Is dissociative identity disorder real?
“I’m interested in getting some sound information on dissociative disorders. There seems to be some question within the medical community about whether this is actually a disorder or not. Can you tell me more about it?”
—Asked by Gina, Toronto, Ontario
Dear Gina, Lots of psychiatric diagnoses generate controversy in the general public (e.g. attention deficit hyperactivity disorder, juvenile bipolar disorder), although they are noncontroversial in the mental health world. On the other hand, if you want to see mental health professionals spat with each other, ask a few of them what they think about dissociative identity disorder, the condition that used to be more colorfully known as multiple personality disorder.
Many biological psychiatrists who base their practices around medication management will tell you the condition doesn’t exist, or that if it exists it is “iatrogenic,” meaning it is caused by therapists training their patients to interpret their symptoms as if they have a whole set of distinct personalities. On the other hand, there are clinicians who specialize in the condition and they take the presence of multiple personalities so seriously that they will separate therapeutic meetings with each of a patient’s “alters” (i.e. individual personalities). True believers will point to data that different personalities have different electroencephalogram tracings. Cynics will point out that actors can generate different EEG tracings when they switch characters.
As all psychiatrists, I have my opinion about dissociative disorders. I like to think it is a middle-of-the-road position, but I’ll let you judge for yourself.
The dictionary defines dissociation as “an unexpected partial or complete disruption of the normal integration of a person’s conscious or psychological functioning that cannot be easily explained by the person.” I don’t think anyone could doubt that this phenomenon exists. You can do the mental experiment. Think about a time when you were driving a car and suddenly realized you’d completely lost attention to the last number of miles, or that you’d missed a turn without even realizing it. That is dissociation—you are doing something important and you lose track of the part of yourself that is doing it.
Like all other mental difficulties, dissociation runs a spectrum from normal to extremely pathological. In my clinical experience it is very common for traumatized and/or very mentally ill people to manifest high rates of dissociation. People who dissociate a lot have conscious experience that is like Swiss cheese: full of holes. But unlike sadness, anger or clear psychosis, it is not usually readily apparent, so it gets less attention than it should. People who suffer with this rarely complain about it, because almost by definition, their fragmented conscious awareness makes it very difficult for them to even notice that they are missing things and/or not aware. We also do not have good pharmacological interventions to reduce dissociation, so it has gotten less money behind it than have many other mental conditions.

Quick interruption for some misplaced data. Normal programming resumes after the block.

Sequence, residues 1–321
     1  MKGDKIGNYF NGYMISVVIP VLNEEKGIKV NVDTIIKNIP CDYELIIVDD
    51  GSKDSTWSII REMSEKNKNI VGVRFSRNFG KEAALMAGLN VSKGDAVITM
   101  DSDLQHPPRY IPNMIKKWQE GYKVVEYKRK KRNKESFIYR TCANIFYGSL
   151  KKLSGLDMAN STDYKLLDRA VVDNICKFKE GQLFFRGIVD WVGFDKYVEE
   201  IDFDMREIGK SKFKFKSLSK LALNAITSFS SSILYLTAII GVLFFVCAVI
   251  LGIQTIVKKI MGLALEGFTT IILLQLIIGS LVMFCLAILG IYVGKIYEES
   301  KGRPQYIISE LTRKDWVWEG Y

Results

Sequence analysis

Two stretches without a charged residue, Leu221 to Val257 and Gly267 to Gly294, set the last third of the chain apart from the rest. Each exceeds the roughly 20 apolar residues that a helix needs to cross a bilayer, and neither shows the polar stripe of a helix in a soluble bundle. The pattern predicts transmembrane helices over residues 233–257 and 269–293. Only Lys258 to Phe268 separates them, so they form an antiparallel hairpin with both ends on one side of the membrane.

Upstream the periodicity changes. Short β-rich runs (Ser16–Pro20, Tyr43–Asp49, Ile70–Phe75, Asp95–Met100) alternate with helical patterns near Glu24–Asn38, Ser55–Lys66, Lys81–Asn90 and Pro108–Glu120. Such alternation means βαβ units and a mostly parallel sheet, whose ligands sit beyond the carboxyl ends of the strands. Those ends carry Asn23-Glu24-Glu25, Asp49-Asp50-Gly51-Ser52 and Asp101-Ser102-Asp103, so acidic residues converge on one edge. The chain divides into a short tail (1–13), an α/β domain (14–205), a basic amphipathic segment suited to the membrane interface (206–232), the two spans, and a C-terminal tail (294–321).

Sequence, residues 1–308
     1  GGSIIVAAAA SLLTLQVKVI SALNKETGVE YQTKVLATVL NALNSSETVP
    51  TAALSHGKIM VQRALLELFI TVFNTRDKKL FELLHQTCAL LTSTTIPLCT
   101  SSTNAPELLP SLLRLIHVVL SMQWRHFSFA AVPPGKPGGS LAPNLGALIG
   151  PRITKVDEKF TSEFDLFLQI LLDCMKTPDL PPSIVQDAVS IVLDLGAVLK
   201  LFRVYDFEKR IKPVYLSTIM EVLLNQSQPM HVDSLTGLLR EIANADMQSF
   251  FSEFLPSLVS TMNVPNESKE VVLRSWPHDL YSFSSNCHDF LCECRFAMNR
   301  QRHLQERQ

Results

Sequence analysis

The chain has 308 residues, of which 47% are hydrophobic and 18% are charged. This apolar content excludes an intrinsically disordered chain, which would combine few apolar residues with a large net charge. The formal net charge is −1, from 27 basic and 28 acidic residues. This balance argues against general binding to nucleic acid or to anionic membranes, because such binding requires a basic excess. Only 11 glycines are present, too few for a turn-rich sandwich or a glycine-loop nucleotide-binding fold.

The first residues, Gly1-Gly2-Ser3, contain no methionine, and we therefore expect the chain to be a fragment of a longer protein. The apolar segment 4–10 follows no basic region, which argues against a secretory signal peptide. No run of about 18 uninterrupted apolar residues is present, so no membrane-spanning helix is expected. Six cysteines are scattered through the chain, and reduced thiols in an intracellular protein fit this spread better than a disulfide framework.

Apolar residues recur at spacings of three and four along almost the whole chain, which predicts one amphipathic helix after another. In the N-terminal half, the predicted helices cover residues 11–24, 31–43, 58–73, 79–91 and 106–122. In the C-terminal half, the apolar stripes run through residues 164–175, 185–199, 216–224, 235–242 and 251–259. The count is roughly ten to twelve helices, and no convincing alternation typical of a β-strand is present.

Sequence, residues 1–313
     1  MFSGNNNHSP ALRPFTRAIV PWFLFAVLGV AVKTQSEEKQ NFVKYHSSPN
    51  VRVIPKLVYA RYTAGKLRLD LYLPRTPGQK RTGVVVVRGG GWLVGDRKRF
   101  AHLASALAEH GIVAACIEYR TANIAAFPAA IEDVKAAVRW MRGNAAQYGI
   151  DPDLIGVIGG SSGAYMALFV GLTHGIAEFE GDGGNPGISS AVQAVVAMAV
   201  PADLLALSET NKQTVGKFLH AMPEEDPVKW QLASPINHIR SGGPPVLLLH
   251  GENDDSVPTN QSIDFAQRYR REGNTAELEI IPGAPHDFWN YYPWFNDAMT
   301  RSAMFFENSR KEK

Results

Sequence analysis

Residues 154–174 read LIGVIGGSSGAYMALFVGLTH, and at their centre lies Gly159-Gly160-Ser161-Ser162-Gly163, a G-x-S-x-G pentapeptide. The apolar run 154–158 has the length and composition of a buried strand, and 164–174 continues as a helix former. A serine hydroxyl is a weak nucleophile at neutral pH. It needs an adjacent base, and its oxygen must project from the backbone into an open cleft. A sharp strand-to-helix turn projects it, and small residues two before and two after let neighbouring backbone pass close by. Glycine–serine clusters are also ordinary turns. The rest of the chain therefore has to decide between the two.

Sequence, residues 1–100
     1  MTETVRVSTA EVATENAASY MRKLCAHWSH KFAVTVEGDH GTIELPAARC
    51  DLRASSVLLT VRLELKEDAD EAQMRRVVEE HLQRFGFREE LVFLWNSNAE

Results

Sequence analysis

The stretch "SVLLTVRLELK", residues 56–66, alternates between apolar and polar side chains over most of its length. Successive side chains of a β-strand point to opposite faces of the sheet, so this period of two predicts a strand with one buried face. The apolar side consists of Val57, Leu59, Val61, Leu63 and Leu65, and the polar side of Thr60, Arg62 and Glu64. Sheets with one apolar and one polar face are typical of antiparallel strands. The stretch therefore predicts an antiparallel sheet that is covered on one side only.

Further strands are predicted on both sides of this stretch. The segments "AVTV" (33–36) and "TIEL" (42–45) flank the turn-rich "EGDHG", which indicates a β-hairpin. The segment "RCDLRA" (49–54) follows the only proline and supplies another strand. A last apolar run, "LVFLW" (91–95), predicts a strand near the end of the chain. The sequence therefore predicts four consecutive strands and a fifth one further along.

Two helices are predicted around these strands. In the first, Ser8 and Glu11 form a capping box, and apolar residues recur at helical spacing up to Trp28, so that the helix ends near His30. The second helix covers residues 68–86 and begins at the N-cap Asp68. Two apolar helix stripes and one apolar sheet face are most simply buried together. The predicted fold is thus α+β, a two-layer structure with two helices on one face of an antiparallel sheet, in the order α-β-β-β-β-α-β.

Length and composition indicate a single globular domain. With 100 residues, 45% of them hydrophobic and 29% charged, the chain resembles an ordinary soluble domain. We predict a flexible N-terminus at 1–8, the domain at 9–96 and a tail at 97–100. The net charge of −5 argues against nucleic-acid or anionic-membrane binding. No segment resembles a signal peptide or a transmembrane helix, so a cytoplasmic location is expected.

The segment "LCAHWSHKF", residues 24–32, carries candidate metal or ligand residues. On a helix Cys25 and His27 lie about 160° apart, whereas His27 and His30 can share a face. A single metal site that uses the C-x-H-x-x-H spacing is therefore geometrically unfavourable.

There is no doubt that some people behave as if they have multiple personalities. And not all of them have been to therapists who have trained them to interpret their dissociative experiences in this way. Does this mean that dissociative identity disorder exists? In my opinion it depends on what we mean by “exists.” Yes, dissociative identity disorder exists if by exists we mean there are people who complain of its symptoms and suffer its consequences. Do I think that some people have many biologically distinct entities packed into their heads? No. I think that some people dissociate so badly that either on their own or as a result of therapeutic experiences it becomes the case that the most convincing way for them to see their own experience is as if it is happening to multiple people.
If this sounds like an endorsement of the condition, it is in a qualified way. I am personally less sanguine, however, about treatments that proceed as if each of the separate personalities really exists concretely and then work to integrate them again. This is the most common therapeutic way to treat the disorder, but I have seen precious few successes and a lot of people made worse by this intervention. In all fairness, however, I used to work intensively on inpatient psychiatric wards and had to care for the train wrecks left behind when integrative therapies failed, so maybe I’m negatively biased.
Here is a final strange paradox regarding the question of whether dissociative identity disorder exists. Whether clinicians believe or disbelieve, they will all tell you that it is one of the most serious psychiatric difficulties. Patients who demonstrate dissociative identity disorder symptoms are all extremely ill in my experience. They have frequently undergone significant trauma, especially early in life. The chaos of their personalities and behavior often leave a tornado track in their wake, and they suffer tremendous emotional discomfort and anxiety. And, as I mentioned above, unlike mental conditions such as depression or psychosis, for which good—although far from perfect—treatments exist, there is very little evidence that any currently available interventions are of much help.
Dissociative Identity Disorder